A Homeless Silicon Valley Carpenter Built Himself This Amazing Treetop Retreat

This story is a part of Business Insider’s “
Homeless In Silicon Valley” series reported by Robert Johnson and edited by Chris C. Anderson. Jill Klausen and graphic designer Mike Nudelman contributed to this series.

Troy The Jungle 3Robert Johnson for Business InsiderThis is Troy’s treehouse in The Jungle.

Walking the 65-acre homeless encampment called “The Jungle” in Silicon Valley with an outreach team of former homeless workers opens up a lot of doors — but not Troy’s.
Troy was reclined in a folding chair behind a green five-foot privacy screen when Business Insider met him in mid-July. He agreed to speak with us, but declined to let us into his camp.

The outreach team asked Troy if he was interested in putting his name on the list for subsidized housing and he shook his head. “Nah,” he said, “This is the first time I haven’t had a mortgage in my life. I’m good.”

Troy explained he’d lost his carpentry job nearly four years ago and finally settled here. His carpentry skills explained the elaborate fencing, shower and makeshift hut with a hinged door standing behind him.

We weren’t talking long when Troy said he’d had enough and told us to check out his treehouse 30-feet up in a tree behind us. “Climb it,” he said laughing. When we didn’t reply, he continued: “It’s there to stay. I’m a carpenter for Christ’s Sake.”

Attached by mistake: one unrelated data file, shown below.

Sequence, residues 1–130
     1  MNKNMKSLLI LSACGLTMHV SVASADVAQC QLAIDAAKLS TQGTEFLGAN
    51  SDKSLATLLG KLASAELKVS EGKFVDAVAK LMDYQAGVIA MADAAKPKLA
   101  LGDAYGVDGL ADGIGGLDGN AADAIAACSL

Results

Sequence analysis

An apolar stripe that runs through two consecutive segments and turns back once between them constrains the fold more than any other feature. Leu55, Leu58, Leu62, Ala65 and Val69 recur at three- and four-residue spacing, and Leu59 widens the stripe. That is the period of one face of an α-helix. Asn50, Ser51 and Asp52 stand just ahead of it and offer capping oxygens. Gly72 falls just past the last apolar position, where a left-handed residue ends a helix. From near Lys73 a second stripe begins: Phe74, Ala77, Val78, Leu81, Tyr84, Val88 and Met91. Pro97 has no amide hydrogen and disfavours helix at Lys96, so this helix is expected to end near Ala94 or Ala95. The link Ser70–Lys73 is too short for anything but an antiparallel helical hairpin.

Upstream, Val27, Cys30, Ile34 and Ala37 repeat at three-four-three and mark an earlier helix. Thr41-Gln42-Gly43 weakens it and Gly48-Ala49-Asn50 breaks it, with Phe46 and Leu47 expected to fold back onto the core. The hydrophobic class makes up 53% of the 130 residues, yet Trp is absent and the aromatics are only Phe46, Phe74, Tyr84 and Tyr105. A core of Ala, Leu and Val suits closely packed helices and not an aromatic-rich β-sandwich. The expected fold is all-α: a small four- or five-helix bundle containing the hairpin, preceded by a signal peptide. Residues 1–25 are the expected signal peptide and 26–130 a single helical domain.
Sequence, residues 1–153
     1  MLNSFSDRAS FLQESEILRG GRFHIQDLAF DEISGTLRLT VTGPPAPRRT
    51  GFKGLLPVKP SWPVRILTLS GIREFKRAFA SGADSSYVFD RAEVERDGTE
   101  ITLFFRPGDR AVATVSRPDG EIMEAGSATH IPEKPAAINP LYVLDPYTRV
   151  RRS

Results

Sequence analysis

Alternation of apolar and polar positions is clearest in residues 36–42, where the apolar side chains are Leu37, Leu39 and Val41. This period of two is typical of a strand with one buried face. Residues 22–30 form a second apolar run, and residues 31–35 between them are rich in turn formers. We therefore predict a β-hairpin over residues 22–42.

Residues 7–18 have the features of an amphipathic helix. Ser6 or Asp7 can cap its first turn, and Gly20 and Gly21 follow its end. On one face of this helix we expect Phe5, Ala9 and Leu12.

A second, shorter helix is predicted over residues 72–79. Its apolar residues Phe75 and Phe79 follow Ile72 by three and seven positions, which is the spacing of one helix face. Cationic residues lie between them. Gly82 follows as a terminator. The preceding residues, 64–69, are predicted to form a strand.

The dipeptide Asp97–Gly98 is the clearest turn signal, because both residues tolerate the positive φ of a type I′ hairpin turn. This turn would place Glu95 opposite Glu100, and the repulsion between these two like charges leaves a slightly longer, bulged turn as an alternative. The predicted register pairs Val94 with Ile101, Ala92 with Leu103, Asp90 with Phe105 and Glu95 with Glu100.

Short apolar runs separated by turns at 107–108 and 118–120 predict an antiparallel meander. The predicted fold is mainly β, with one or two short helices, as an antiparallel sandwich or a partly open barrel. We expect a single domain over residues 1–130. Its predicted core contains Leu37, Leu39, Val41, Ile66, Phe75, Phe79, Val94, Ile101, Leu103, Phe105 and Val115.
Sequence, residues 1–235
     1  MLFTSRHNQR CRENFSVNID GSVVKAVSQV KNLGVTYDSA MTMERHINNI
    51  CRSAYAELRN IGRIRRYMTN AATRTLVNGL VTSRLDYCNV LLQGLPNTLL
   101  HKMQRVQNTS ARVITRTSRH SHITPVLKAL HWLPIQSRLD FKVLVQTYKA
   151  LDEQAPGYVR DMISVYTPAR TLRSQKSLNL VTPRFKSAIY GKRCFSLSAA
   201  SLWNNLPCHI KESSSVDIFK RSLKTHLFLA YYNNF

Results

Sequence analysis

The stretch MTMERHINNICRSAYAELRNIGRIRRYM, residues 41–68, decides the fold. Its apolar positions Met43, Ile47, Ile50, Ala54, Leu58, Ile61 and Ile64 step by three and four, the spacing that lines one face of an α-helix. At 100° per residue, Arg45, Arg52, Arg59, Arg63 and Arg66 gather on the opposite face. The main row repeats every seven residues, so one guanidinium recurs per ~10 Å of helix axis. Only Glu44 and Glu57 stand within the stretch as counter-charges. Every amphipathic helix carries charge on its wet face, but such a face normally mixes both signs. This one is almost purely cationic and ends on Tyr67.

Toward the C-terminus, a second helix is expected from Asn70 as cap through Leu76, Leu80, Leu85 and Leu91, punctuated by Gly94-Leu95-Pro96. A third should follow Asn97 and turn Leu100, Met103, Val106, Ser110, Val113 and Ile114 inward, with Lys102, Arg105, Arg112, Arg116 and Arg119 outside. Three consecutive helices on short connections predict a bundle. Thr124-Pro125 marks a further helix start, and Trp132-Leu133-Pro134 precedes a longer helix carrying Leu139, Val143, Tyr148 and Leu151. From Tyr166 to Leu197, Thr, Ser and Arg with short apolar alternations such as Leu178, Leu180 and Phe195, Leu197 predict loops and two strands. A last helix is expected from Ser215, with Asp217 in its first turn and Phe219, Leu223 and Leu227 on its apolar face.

The Jungle in San Jose is filled with elaborate shelters and camps, but Troy's compound was unlike anything else around.

Following the path and reading the screen, it was clear Troy had suffered some trespassers and was doing all he could to enforce some personal security.

The farther we walked the more instructions there were. The police had swept the camp four months before so everything here had been built since then.

Stopping at the closed gate we exchanged hellos with Troy and he agreed to talk with us.

He was relaxing after a long night, he said. He'd evicted two people from his compound and said they'd trashed the place on their way out.

'It was worth it,' he said. It's not uncommon in The Jungle for people to share camps for protection and security against theft.

Troy explained he'd lost his construction job four years ago and moved into The Jungle not long afterward. His neighbours were bothersome but worth it for the freedom living outside allowed him.

Without a mortgage for the first time in his life, Troy said he was content. He spends his time on small carpentry projects and is not interested in moving.

When he'd finished answering questions Troy told us about his most prized project, this treehouse.

A sense of ownership after losing a lifetime's worth of things is almost universal in The Jungle.

Since the built-in ladder was securely attached, we climbed up to have a look around.

From above it was hard to believe that up to 175 people could be living here.

Troy wasn't the only person we met who didn't want to leave The Jungle ...

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